A warm and sunny day resulted in good numbers of butterflies on the wing, 16 Green-veined Whites were counted, along with an excellent three Speckled Woods at Nant. Normally a mega rarity on Bardsey, a spate of recent sightings suggest a local emergence at Nant, after a record-breaking arrival last autumn. A welcome arrival to the islands Lepifauna! A single Red Admiral was a good sighting today, with few being reported recently.

Saturday, 22 April 2017

Glorious sunshine and calm winds made today particularly enjoyable, accompanied with a good cast of birds.

Out to sea a mere two Common Scoters were recorded, but inland was where the action was.

The highlight of the day was a Goshawk which was flushed from the Plantation in the morning which flew south through the Lowlands, before heading back north along the Mountain and finally thermalling at Nant and heading back north to the mainland. This represented only the 32nd record of this species for the island, with the last being recorded in 2014!

Waders again were seen in good number today and included a summer-plumaged Bar-tailed Godwit, but also of interest were five Ringed Plovers, six Dunlins and a Common Sandpiper. The first Common Tern of the season past by out to sea, and the first Swift of the year followed it shortly gliding over the Mountain Ridge. 16 Sand Martins, 80 Swallows and five House Martins made up Hirundine passage, with today being a little slower than before. Some 58 Wheatears were also logged, with a good proportion of them of the Greenland race. Again Warblers made up a large part of totals inland with three Grasshopper Warblers, five Sedge Warblers, four Blackcaps, 22 Chiffchaffs and 31 Willow Warblers logged, again a little lower than previous days, but still evidence of a fair bit moving through. A Blue Tit was trapped in the Withies.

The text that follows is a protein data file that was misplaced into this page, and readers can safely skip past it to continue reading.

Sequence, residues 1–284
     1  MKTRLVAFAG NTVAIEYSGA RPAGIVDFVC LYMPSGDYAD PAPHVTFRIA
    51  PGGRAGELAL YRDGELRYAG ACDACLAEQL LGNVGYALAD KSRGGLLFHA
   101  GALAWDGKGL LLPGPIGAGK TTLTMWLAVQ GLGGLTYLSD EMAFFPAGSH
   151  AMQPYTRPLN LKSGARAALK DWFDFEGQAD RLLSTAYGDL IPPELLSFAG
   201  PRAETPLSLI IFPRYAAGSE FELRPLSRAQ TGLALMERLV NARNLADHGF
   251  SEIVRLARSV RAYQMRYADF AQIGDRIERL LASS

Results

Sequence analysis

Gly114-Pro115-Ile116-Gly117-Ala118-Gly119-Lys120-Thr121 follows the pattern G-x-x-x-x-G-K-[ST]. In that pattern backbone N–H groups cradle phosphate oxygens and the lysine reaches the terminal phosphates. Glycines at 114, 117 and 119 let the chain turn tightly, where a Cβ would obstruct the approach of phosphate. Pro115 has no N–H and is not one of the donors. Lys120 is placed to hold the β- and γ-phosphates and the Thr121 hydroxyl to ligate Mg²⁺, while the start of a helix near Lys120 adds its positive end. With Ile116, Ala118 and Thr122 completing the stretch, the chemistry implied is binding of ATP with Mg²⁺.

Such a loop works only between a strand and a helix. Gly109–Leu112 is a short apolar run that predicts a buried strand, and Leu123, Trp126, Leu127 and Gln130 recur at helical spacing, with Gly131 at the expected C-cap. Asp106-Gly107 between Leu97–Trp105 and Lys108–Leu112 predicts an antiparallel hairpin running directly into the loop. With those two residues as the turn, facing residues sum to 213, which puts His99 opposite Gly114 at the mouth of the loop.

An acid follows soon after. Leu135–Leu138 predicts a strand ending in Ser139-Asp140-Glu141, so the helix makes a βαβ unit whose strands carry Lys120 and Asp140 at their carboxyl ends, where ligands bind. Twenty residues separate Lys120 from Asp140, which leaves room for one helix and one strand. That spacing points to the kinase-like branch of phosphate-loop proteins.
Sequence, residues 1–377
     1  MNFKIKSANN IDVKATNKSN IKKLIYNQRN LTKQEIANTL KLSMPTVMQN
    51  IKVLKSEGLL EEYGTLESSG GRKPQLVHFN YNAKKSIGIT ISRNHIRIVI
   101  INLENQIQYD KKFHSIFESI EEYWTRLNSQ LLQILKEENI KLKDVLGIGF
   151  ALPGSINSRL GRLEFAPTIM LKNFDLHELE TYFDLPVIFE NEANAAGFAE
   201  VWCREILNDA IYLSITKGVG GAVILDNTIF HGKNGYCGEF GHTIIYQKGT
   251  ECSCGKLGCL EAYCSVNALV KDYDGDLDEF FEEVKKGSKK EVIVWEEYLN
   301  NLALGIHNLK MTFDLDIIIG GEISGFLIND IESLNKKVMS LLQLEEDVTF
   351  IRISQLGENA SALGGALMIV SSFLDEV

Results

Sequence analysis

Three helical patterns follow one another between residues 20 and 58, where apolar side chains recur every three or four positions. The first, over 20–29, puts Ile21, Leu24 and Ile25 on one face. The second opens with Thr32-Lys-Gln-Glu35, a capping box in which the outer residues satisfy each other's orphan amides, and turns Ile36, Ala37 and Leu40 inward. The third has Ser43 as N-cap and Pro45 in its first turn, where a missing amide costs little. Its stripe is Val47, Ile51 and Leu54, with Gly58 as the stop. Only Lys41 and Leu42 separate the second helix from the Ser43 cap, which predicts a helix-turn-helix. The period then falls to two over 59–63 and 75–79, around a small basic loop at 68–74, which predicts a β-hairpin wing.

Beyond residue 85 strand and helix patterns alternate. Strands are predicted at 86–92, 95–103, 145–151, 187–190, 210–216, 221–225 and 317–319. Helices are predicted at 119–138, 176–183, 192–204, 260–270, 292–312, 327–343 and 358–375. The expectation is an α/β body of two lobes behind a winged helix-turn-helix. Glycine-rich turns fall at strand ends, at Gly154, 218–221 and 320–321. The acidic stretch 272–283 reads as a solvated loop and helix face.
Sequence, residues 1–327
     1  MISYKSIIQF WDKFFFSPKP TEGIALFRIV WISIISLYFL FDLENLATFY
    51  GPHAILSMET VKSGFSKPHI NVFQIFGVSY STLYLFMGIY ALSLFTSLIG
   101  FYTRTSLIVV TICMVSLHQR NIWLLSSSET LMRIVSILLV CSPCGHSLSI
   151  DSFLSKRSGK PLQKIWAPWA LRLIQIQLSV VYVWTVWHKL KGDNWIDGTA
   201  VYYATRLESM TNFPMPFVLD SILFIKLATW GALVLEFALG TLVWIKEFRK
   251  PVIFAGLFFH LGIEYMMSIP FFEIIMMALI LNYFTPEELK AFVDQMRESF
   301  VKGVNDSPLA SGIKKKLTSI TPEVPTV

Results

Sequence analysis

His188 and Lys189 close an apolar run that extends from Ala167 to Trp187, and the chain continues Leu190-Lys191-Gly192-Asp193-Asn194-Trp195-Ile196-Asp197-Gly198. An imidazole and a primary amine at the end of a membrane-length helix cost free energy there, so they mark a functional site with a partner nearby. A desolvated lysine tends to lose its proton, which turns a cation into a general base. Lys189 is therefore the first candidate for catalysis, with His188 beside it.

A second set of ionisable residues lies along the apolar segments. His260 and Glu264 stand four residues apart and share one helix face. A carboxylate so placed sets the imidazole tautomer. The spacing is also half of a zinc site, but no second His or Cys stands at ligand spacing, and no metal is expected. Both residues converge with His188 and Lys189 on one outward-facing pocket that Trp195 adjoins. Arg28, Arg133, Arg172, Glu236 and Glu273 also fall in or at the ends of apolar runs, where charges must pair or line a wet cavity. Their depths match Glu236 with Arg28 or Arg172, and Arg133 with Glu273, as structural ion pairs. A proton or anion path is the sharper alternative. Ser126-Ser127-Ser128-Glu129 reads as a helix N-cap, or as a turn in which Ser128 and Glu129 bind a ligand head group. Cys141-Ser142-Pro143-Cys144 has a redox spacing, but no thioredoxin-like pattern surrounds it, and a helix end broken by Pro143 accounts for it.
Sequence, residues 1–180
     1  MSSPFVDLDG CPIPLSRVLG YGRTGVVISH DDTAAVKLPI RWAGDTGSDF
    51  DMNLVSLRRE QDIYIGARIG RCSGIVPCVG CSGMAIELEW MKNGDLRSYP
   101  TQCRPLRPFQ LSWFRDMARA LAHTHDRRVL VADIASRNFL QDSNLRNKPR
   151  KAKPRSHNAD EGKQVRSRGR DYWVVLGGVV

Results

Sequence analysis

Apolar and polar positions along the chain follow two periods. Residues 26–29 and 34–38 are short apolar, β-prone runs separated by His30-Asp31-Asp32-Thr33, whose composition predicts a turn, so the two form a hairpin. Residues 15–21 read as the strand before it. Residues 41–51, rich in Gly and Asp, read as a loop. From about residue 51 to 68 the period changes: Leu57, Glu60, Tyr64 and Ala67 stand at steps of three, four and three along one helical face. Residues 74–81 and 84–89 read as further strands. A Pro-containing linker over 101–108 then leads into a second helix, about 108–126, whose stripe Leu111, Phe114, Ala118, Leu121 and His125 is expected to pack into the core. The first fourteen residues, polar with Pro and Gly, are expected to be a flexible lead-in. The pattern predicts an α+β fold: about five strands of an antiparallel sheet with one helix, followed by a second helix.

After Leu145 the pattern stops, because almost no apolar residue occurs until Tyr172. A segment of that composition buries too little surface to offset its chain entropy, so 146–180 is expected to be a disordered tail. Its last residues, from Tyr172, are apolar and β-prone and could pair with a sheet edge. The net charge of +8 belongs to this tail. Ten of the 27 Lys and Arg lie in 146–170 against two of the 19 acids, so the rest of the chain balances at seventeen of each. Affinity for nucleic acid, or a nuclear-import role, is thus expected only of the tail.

A Hooded Crow was in the North West Fields today, which continues on from the good run we’ve been having. The highlights in finch passage today were a Greenfinch, seven Siskins and four Lesser Redpolls.


Of note on an island scale were two Greylag Geese and a Canada Goose today which were a pleasant surprise.

The first Flame Shoulder of the year, caught in the trap last night

Friday, 21 April 2017

Another calm day saw a good number and variety of birds migrate through the island today, with a few highlights.

First off, the wader diversity increased with a good number logged, the usual waders were logged around the rocks and beach, but included were four Ringed Plovers, a Golden Plover, a Grey Plover, five Dunlins, 27 Whimbrels and three Common Sandpipers. Also of note were a small group of three Teals seen in Henllywn. Little of note passed out to sea, bar seven Sandwich Terns, however, Hirundine movement was still very much underway with 39 Sand Martins, 123 Swallows and ten House Martins logged.

Inland, a good count of seven Tree Pipits flew overhead, 17 White Wagtails were seen on the Narrows, a male Redstart performed for a lucky few and Wheatears amounted to 89 birds. In the gorse and bushes a good number of Warblers were logged made up of nine Grasshopper Warblers, two Sedge Warblers, four Whitethroats, ten Blackcaps, 23 Chiffchaffs, 233 Willow Warblers and six Goldcrests.

The best of the rest, were two Hooded Crow, six Lesser Redpolls and a Reed Bunting.